What you are doing with Digest::MD5 is not actually a crypt-style MD5 digest. It is just a simple MD5 digest with a constant component (what you have erroneously called the "salt") tacked on the end of the digest source. While it is still better than storing the plain text directly, it is not as good as actual MD5 crypt. A good explanation of what MD5 crypt is beyond a simple MD5 hash, go here (read the larger presentation about bcrypt, as well, if you like).
Whether your simple system actually needs to use a crypt-style system is up to you. The idea of crypt and cousins is to increase the computational cost of checking a password. The trade-off is between responsiveness for legitimate users and deterrence of brute-force and dictionary attacks. The simple MD5 hash is almost certainly lower on this scale that traditional, DES-based crypt, and definitely below MD5 crypt. In my case, I would probably choose MD5 crypt (or SHA crypt or bcrypt, if feasible), in most cases, since I like to do whatever simple things I can to make myself feel more secure.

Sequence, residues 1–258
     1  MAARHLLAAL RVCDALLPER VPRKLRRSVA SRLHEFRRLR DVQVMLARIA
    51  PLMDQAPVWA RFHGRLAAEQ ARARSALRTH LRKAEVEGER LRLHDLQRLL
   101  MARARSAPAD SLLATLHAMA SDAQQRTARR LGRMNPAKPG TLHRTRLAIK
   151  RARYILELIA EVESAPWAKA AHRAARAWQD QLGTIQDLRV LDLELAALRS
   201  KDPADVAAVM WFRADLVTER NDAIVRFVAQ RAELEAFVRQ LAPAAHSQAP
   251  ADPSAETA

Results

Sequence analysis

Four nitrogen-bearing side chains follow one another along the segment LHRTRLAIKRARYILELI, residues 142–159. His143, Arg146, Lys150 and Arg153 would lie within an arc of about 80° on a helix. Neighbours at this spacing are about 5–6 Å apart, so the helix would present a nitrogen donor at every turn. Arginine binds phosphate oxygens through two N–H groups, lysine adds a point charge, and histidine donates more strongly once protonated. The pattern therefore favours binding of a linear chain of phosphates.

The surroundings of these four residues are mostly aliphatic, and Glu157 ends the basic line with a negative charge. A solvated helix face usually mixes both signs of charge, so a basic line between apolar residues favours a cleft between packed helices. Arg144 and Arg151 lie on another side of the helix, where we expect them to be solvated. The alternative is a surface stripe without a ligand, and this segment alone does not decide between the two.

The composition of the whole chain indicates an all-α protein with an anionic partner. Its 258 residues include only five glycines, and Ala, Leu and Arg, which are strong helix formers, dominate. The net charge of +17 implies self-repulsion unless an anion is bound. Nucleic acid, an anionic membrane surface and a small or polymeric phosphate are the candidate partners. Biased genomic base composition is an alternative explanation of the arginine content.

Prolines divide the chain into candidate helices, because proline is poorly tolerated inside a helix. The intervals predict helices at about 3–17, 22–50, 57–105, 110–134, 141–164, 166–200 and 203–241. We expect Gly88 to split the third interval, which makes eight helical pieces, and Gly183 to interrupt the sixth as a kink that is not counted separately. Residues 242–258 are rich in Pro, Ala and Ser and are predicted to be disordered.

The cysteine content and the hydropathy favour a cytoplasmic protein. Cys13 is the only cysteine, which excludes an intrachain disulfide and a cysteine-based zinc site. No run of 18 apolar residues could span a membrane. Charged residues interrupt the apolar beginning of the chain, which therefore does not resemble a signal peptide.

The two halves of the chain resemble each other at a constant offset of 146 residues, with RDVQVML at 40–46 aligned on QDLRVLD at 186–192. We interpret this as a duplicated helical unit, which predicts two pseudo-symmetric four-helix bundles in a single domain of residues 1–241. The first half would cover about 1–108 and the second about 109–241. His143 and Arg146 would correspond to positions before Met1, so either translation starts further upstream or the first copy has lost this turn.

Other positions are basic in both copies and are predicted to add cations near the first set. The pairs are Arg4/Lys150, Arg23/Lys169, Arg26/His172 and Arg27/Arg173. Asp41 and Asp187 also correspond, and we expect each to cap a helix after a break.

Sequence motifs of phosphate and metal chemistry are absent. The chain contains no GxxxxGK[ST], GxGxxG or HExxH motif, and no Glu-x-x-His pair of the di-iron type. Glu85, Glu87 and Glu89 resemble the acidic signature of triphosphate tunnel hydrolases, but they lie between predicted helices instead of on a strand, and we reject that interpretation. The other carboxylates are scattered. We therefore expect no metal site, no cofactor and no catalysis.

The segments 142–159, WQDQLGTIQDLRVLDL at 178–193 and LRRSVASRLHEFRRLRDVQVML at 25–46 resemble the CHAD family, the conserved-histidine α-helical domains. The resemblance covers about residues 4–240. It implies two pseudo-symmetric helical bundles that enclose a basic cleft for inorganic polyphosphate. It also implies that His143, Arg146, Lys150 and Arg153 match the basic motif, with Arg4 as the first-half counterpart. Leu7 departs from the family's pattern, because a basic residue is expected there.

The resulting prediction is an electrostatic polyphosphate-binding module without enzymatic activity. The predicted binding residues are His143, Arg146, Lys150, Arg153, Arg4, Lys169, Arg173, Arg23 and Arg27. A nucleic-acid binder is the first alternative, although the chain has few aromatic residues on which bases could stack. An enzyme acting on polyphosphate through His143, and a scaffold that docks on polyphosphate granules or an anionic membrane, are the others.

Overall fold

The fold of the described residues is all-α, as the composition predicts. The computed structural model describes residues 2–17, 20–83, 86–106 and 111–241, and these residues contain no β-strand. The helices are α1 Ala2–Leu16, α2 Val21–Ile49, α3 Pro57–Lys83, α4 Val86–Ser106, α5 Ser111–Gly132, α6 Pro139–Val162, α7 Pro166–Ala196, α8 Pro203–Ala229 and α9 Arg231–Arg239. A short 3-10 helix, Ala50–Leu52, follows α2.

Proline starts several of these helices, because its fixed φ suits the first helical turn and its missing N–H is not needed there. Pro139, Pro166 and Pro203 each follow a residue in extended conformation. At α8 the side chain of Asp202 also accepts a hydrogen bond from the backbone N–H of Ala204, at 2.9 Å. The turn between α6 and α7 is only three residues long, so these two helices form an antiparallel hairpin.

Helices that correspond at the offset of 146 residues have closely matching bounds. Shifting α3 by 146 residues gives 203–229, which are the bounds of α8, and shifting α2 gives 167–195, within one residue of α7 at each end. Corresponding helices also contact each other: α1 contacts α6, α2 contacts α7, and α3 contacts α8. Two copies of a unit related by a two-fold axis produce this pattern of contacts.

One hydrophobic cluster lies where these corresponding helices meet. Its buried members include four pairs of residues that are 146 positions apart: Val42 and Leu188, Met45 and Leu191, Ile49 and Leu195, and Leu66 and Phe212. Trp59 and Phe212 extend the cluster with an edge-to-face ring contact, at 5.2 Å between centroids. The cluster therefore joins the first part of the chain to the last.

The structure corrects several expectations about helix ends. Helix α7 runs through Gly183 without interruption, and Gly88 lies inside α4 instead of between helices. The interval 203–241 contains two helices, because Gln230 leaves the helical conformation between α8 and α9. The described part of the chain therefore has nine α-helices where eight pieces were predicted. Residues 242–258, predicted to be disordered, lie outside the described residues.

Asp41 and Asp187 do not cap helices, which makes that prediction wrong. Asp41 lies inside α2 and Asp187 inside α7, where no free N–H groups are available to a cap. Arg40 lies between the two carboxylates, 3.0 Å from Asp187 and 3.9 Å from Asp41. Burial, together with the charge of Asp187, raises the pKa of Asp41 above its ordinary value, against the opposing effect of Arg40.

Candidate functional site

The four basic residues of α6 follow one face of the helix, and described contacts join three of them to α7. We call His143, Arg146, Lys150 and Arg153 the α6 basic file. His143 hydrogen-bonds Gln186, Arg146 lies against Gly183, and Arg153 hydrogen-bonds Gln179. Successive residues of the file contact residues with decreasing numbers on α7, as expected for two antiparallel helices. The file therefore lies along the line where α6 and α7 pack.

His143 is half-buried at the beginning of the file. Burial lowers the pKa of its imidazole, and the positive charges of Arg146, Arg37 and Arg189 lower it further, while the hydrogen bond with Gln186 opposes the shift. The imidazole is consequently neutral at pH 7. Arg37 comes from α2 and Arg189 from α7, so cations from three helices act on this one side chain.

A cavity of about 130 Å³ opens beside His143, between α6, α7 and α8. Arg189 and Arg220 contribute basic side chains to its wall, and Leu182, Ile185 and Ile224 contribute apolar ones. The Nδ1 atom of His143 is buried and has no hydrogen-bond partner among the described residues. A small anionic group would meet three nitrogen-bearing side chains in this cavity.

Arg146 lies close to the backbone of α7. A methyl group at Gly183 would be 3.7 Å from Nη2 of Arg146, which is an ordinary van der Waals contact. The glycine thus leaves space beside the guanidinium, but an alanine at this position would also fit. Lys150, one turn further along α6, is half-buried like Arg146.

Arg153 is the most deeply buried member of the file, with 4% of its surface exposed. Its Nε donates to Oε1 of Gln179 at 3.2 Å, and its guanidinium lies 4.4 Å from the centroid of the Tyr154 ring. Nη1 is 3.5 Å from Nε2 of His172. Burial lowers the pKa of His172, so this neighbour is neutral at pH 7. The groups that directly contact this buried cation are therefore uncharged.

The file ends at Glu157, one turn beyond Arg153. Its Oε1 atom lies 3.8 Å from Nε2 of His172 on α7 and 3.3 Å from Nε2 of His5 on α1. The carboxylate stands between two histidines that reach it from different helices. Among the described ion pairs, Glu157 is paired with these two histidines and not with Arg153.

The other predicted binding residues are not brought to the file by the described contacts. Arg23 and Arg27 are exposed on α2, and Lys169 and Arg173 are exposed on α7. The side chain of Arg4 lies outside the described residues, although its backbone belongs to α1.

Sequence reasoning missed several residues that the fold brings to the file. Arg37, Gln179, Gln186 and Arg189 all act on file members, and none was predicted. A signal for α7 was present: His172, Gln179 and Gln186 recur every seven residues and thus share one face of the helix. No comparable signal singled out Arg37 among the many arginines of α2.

In terms of implementation, there are two possibilities that I'll mention (who knows what others there are):
- Your operating system's version of crypt already supports extended variants of crypt (MD5, SHA, or bcrypt). This means that the crypt command built in to Perl already supports these variants. There is a good explanation of using built-in MD5 crypt here. (Read the reply to that node for some good caveats as well.)
- Use Crypt::PasswdMD5 for a pure Perl implementation of the MD5 crypt algorithm. (DISCLAIMER: I've never actually used this myself, YMMV)
Other than that complaint, I'd say what I've read of the course is generally quite well written, thought out, and researched.